I AM appalled that North Yorkshire County Council is dismissing fears of health risks to do with fracking. This is grossly irresponsible and a dereliction of their duty to care for the citizens of the county.

There have been a number of studies linking fracking with health problems. The most recent and most substantial is by Janet Currie and colleagues at Princeton University.

Their study looked at birth certificates for all 1.1 million babies born in Pennsylvania between 2004 and 2013. The birth certificates included addresses and vital statistics for each child, such as birth weights, total months of gestation, birth defects, and other abnormal conditions.

Low birth weight is associated with many other negative factors for health and welfare, such as susceptibility to asthma, attention deficit problems and low educational attainment.

The conclusions are unequivocal. The occurrence of low weight and birth defects increases closer to fracking sites. The researchers examined concentric circles at one, two and three kilometres from each site. The most pronounced effects were found to be within one kilometre and no effects were found beyond three kilometres.

This means the price of fracking is not only the damage to the environment and additions to the factors causing global warming, it is also paid in damage to the health of local people.

There is already one village that is dangerously close to a site intended for fracking. But if the exploration companies are allowed to pursue their plans, and numerous wells are sunk, many of the people of North Yorkshire will be subjected to very real health risks.

Maybe the county authorities would like to wait a decade so that we can gather data about the damage that has been done. That approach would be appallingly irresponsible, given that there is already hard evidence for the existence of serious health risks. The appropriate response is to act now to curtail the risks.

Martin Brampton, Green Party Candidate 2017 Thirsk & Malton

Small price to pay

I CAN’T understand Stephen Preston’s problem (Gazette, December 13). I live within two miles of KM8 and drive past there five or six times a week, and only once in a period of 12 months have I encountered a road block which has forced me to go another way.

It is true, however, that the police have put up or left “road closed” notices on our local roads when nothing or very little has been happening at KM8, including at least one Sunday evening when there were no protesters and only one police car on duty there.

We know from Paras 5.134 and 5.137 of the draft county minerals plan that the intention is to allow fracking production sites or drill pads, each covering two hectares at intervals of one and a half miles in every direction.

Stephen Preston will have seen just how obtrusive KM8 has become. Instead of criticising the protesters, he should worry about the impact of this alien industry on our amenities, our property values and our businesses – particularly our visitor economy.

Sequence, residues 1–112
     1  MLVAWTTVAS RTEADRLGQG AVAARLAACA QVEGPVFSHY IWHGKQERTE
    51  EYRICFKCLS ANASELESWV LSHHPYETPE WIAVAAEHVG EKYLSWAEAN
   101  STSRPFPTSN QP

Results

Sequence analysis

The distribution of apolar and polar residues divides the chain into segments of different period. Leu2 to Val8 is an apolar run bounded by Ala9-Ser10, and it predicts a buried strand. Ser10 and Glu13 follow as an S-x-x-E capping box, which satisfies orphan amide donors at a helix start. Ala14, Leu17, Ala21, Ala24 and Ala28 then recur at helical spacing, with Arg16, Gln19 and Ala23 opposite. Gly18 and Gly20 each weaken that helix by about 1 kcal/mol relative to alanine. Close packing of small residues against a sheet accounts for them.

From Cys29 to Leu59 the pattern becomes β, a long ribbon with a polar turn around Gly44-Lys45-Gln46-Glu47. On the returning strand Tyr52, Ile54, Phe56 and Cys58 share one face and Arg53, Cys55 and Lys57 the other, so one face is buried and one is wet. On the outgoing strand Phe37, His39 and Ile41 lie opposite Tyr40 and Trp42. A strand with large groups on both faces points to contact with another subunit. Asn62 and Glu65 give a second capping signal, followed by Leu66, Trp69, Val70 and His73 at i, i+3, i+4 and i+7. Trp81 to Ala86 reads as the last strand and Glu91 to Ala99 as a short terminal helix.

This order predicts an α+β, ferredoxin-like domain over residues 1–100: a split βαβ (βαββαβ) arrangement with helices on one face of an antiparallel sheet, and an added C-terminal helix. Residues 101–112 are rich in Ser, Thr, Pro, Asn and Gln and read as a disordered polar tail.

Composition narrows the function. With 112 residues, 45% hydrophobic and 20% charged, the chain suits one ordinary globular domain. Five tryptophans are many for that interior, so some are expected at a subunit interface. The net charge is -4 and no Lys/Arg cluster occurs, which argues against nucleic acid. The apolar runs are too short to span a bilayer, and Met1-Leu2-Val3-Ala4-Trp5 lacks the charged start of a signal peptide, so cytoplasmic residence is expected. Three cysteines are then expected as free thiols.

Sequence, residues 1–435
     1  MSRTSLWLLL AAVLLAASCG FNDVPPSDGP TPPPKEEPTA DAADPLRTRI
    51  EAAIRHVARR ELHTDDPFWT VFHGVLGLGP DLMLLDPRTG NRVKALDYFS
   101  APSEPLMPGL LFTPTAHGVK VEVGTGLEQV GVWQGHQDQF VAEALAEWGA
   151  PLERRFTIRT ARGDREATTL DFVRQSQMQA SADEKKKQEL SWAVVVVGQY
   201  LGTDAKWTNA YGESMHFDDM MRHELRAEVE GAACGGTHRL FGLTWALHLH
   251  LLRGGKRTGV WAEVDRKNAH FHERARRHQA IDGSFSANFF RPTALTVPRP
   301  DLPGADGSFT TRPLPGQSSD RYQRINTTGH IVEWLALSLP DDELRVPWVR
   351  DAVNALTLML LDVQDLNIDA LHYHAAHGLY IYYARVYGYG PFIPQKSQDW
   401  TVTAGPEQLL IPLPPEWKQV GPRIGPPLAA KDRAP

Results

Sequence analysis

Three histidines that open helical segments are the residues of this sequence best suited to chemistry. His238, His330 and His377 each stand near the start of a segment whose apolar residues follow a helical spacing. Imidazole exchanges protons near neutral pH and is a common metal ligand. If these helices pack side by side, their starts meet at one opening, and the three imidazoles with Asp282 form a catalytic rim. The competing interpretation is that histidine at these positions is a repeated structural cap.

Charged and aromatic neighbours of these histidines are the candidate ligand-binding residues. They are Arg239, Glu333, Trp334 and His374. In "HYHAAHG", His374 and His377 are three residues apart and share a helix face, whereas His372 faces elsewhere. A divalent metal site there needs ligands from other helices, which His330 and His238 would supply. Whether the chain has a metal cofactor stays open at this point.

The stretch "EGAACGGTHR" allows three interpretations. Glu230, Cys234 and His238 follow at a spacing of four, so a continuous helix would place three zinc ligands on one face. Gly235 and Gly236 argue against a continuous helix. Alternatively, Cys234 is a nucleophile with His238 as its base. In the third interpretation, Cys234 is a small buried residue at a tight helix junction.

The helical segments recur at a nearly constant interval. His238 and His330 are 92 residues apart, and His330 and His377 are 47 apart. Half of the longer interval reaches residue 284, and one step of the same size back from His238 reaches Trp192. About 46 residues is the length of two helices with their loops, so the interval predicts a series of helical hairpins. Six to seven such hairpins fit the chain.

KM8 is only the thin end of a very big wedge. We should be glad the protesters have decided to raise the profile of this matter both regionally and nationally, and any short-term inconvenience we may suffer is a small price to pay for fighting something which will ruin our beautiful countryside forever if it goes ahead.

I admire the courage, determination and perseverance of the protesters. It cannot be very pleasant to live through the winter’s mud, cold and snow in a caravan or tent. They deserve and are receiving considerable local support.

Cllr Paul Andrews, Malton

Misleading picture

NORTH Yorkshire County Council’s claim that the risk to health from fracking is “low”, is disingenuous.

My own research indicates that providing all the regulations are rigorously enforced, and providing there are no accidents, then yes, on paper, the risk from one well at Kirby Misperton is low.

However, health and safety protocols dictate that risk be separated from hazard. Possible hazards should there be an accident, include serious respiratory distress and injury from exposure to hydrogen sulphide and volatile hydrocarbons, and the more insidious long-term effects of known carcinogens such as benzene. Even though the risks of such exposure are low, the hazards could be fatal. That is before one counts the effects on climate change of many dozens of well pads industrialising our fair countryside, the transport of low level radioactive waste and the possible longer term effects of abandoned wells with failed integrity leaking methane into the atmosphere. Sorry NYCC, your claim, though true, is a misleading part of a greater picture.

John Wilson, Kirkbymoorside

A big thank you

THIS morning I received an anonymous letter from a person using the No 8 Park and Ride bus from Grimston Bar. The letter contained my driving licence, which he or she had found on the bus on December 9, where it must have fallen out of my wallet.

Through your newspaper letters section, I hope you will convey my appreciation to this person for this kind gesture and wish him or her a very happy New Year on what is a busy time for everyone.

Chris Longhorn, Kirkella, near Hull